By assigning differing key positions for mating pairs within a set, SMKey eliminates the risk of interconnect mismatch, providing reliable protection against the potential for operator error and preventing devastating results in connection-critical applications. SMKey ensures mating with a design based upon the multi-key construction of non-coax mil-spec circular connectors such as MIL-DTL-38999, MIL-DTL-26482, and others that have had decades of successful field-application matings.

An SMKey direct-solder cable plug and filed replaceable receptacle are shown above. Alternate polarizations are achieved by rotating two of the three keys/keyways in the stainless steel housings. (Southwest Microwave)

An SMKey direct-solder cable plug and filed replaceable receptacle are shown above. Alternate polarizations are achieved by rotating two of the three keys/keyways in the stainless steel housings. (Southwest Microwave)

flange-jack

Another application problem that can affect performance of coaxial cables, regardless of supplier, is that the terminated cable is rigid to the connector so that turning or twisting of the connectors and cable assembly when being mated may cause compression of the coaxial cable. This may change diameter and/or move the center conductor off-center, affecting impedance and performance. SMKey cable plugs incorporate features to prevent this from occurring so that different polarizations may be used end-to-end or have the non-SMKey end terminated with entirely different connectors.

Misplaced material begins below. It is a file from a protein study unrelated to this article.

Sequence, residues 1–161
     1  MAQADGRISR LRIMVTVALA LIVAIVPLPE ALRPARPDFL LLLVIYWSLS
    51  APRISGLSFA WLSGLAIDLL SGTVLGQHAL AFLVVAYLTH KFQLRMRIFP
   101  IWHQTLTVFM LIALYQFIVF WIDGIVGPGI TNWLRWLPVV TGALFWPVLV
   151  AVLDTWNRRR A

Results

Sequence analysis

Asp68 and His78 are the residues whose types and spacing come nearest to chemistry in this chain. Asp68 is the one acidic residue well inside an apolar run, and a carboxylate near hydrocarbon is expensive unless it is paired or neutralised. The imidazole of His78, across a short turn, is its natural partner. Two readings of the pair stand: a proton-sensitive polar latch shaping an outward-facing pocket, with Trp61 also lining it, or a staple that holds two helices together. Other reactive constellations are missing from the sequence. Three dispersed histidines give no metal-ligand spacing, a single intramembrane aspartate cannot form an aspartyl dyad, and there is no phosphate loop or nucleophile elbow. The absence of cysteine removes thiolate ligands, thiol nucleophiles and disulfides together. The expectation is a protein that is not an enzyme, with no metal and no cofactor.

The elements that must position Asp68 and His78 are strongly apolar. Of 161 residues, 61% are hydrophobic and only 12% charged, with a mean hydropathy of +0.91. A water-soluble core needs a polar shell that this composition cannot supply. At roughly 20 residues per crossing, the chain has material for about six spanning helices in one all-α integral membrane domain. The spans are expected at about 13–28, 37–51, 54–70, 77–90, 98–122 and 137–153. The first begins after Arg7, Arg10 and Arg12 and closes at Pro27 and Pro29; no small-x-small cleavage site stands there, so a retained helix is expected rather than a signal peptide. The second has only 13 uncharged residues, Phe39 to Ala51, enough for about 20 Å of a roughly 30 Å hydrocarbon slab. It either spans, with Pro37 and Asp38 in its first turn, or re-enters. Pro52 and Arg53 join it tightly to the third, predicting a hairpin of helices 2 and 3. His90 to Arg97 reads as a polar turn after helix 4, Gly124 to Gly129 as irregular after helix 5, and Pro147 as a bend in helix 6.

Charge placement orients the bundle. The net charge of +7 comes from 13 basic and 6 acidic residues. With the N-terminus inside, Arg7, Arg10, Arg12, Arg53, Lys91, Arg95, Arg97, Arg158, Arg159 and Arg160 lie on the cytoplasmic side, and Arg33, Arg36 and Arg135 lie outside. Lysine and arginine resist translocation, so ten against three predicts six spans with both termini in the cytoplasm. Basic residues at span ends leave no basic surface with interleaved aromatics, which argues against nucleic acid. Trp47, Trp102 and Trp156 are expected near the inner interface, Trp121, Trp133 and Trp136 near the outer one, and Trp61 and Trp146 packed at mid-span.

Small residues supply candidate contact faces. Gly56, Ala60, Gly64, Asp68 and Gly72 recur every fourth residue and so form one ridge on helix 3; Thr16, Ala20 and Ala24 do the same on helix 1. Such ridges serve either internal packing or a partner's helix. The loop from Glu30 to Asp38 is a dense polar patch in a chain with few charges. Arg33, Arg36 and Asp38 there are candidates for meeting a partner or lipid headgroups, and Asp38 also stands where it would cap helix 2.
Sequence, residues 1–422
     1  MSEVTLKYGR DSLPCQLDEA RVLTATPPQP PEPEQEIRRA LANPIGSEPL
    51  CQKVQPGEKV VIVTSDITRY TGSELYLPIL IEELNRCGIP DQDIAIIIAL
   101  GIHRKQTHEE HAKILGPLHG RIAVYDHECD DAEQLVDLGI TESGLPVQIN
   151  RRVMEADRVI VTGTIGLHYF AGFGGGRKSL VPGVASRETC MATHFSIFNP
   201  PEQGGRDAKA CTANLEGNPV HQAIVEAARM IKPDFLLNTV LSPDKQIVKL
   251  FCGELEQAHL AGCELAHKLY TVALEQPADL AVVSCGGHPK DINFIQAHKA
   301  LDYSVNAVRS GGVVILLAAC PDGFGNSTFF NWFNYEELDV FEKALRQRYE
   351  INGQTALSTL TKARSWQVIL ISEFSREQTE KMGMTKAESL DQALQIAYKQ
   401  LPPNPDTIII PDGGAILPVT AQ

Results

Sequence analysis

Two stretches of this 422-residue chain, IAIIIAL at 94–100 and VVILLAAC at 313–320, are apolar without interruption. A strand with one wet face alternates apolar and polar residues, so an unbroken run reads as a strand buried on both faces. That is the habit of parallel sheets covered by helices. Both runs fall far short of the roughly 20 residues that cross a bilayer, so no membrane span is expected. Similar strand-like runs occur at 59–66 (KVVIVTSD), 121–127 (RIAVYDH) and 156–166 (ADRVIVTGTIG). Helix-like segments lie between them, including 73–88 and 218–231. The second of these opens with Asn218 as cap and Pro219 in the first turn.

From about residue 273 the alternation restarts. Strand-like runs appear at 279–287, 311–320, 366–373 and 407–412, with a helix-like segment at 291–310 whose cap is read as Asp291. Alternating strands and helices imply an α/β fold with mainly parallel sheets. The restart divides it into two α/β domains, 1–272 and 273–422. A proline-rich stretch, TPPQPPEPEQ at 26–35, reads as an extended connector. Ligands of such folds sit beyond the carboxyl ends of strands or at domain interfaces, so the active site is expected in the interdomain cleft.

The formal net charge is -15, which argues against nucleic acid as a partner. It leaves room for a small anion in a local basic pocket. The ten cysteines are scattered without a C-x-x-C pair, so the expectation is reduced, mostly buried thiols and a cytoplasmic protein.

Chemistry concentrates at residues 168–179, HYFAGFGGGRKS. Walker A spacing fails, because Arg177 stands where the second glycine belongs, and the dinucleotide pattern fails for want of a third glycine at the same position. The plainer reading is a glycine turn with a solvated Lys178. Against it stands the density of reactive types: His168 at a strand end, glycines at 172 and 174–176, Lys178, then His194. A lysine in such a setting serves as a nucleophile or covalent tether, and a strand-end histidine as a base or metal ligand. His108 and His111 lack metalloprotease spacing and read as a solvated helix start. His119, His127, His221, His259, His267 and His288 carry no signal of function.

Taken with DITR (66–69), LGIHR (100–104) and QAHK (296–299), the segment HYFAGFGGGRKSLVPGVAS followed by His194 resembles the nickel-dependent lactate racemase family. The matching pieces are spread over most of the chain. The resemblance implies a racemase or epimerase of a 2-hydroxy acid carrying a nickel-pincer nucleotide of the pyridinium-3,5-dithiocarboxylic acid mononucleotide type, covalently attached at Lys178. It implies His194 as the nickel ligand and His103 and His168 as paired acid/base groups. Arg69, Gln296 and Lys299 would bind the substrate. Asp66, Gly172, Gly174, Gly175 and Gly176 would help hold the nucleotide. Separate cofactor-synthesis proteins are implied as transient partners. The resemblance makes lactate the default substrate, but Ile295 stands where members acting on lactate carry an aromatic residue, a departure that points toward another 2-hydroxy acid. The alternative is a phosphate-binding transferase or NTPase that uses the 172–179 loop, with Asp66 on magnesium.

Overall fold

Problems caused by the ever-increasing complexity of applications are being solved by new and creative interconnect products so that US military and aerospace projects perform as desired.

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David Shaff